Cognitive scientists define critical period for learning language | MIT News

Photo of several children writing on a chalk board
May 2, 2018

Anne Trafton | MIT News Office
May 1, 2018


Excerpt:  A great deal of evidence suggests that it is more difficult to learn a new language as an adult than as a child, which has led scientists to propose that there is a “critical period” for language learning. However, the length of this period and its underlying causes remain unknown.

A new study performed at MIT suggests that children remain very skilled at learning the grammar of a new language much longer than expected — up to the age of 17 or 18. However, the study also found that it is nearly impossible for people to achieve proficiency similar to that of a native speaker unless they start learning a language by the age of 10.

“If you want to have native-like knowledge of English grammar you should start by about 10 years old. We don’t see very much difference between people who start at birth and people who start at 10, but we start seeing a decline after that,” says Joshua Hartshorne, an assistant professor of psychology at Boston College, who conducted this study as a postdoc at MIT.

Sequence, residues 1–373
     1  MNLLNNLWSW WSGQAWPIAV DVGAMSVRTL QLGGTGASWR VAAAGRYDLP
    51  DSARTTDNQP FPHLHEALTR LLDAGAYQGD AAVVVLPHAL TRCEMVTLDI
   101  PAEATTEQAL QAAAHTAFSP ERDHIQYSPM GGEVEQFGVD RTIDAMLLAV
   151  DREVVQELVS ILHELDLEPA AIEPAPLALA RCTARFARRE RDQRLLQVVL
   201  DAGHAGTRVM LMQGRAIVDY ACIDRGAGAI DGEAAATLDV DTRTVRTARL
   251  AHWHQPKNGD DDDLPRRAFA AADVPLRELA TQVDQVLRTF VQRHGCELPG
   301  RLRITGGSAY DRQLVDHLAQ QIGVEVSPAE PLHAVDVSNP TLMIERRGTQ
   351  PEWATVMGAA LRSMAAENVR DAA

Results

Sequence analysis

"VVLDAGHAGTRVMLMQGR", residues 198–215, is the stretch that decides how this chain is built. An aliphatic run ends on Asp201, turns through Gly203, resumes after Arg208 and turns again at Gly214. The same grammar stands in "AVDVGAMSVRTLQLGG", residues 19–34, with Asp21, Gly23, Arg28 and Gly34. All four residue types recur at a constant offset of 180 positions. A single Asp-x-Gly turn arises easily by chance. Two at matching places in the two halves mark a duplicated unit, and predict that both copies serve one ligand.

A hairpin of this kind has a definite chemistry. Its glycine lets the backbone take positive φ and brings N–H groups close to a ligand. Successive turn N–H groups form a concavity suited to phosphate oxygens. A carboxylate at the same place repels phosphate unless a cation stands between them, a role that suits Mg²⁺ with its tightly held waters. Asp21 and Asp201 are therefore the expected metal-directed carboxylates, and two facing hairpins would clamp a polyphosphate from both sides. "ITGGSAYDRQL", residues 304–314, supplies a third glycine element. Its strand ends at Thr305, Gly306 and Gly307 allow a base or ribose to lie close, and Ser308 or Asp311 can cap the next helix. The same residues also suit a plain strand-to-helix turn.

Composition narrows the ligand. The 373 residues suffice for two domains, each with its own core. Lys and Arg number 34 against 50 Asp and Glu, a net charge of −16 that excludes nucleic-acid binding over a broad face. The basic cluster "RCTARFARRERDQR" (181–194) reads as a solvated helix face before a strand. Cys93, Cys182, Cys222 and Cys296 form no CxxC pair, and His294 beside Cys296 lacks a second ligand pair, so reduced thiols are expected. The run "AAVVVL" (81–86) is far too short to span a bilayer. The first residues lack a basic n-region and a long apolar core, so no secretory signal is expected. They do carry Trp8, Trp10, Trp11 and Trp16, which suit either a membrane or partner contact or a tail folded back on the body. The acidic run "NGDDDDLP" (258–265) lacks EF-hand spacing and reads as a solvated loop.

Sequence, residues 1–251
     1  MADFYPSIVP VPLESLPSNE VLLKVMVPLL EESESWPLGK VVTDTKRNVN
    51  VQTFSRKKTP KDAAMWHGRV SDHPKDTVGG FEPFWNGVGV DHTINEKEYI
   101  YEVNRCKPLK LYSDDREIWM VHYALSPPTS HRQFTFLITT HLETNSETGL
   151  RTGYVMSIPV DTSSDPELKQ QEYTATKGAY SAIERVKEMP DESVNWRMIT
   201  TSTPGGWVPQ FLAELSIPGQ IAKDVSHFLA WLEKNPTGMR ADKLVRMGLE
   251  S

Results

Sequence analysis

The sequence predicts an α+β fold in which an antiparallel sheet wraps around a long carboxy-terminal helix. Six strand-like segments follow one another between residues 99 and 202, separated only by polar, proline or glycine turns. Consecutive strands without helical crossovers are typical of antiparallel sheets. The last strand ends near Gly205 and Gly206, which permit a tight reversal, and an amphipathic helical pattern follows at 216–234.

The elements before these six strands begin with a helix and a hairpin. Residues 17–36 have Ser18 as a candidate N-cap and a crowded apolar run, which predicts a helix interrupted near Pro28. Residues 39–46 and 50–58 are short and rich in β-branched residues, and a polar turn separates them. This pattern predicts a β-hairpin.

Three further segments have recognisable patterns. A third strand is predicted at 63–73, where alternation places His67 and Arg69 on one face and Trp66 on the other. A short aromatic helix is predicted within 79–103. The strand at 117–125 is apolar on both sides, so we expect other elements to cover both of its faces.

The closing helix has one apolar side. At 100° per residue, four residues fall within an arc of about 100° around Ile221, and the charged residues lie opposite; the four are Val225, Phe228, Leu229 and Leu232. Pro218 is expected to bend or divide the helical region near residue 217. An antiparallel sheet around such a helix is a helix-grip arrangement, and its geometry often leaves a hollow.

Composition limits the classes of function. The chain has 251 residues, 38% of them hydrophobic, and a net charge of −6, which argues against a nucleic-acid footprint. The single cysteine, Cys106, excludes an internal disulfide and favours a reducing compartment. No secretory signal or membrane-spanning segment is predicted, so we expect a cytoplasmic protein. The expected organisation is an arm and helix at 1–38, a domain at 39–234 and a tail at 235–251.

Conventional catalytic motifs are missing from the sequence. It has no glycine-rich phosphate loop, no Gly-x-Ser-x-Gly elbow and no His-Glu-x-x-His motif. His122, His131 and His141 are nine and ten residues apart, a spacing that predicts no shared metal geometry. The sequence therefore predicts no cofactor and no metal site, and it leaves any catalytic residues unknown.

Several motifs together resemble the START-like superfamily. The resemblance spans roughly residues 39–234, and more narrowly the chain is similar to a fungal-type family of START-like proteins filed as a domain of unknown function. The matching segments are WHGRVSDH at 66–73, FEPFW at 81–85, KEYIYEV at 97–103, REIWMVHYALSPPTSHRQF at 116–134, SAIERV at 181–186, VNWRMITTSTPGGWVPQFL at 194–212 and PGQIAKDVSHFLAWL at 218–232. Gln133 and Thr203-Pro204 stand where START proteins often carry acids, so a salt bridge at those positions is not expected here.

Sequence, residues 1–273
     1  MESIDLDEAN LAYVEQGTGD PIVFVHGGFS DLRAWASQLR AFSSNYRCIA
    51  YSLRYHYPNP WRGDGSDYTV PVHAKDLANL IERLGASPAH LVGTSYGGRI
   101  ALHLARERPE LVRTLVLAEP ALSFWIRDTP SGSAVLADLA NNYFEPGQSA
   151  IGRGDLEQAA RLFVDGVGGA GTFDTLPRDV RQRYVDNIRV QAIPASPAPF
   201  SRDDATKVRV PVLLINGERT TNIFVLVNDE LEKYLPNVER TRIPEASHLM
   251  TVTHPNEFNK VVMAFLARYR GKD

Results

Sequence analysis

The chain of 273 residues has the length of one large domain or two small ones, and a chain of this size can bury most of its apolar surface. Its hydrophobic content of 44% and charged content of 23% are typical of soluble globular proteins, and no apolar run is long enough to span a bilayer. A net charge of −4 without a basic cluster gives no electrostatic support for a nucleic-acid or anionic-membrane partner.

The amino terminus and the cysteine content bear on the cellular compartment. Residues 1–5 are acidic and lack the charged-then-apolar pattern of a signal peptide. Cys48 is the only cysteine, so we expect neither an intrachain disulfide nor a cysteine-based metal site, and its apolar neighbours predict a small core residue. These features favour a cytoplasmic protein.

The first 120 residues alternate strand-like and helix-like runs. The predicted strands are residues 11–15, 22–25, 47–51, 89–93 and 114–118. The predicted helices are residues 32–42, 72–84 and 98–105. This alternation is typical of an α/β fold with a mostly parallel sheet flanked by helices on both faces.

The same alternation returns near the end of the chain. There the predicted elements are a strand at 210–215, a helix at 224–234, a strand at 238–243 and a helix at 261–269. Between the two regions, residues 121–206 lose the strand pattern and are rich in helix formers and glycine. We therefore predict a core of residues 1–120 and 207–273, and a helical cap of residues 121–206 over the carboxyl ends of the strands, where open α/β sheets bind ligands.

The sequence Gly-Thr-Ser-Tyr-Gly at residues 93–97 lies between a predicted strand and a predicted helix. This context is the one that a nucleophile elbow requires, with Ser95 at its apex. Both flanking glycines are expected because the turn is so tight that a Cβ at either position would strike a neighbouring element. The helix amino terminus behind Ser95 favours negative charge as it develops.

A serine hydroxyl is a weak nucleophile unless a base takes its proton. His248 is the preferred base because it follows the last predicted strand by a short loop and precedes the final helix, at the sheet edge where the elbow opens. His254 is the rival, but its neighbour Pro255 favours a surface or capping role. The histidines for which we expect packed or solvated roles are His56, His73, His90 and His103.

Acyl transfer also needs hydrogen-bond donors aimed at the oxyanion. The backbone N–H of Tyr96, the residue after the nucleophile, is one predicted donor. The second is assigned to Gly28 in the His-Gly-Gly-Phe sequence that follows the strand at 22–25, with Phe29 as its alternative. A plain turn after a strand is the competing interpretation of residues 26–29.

People who start learning a language between 10 and 18 will still learn quickly, but since they have a shorter window before their learning ability declines, they do not achieve the proficiency of native speakers, the researchers found. The findings are based on an analysis of a grammar quiz taken by nearly 670,000 people, which is by far the largest dataset that anyone has assembled for a study of language-learning ability.

“It’s been very difficult until now to get all the data you would need to answer this question of how long the critical period lasts,” says Josh Tenenbaum, an MIT professor of brain and cognitive sciences and an author of the paper. “This is one of those rare opportunities in science where we could work on a question that is very old, that many smart people have thought about and written about, and take a new perspective and see something that maybe other people haven’t.”

Steven Pinker, a professor of psychology at Harvard University, is also an author of the paper, which appears in the journal Cognition on May 1.


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Read the scientific paper reference in the article: "A critical period for second language acquisition: Evidence from 2/3 million English speakers" by Hartshorne et al, in Congnition at URL: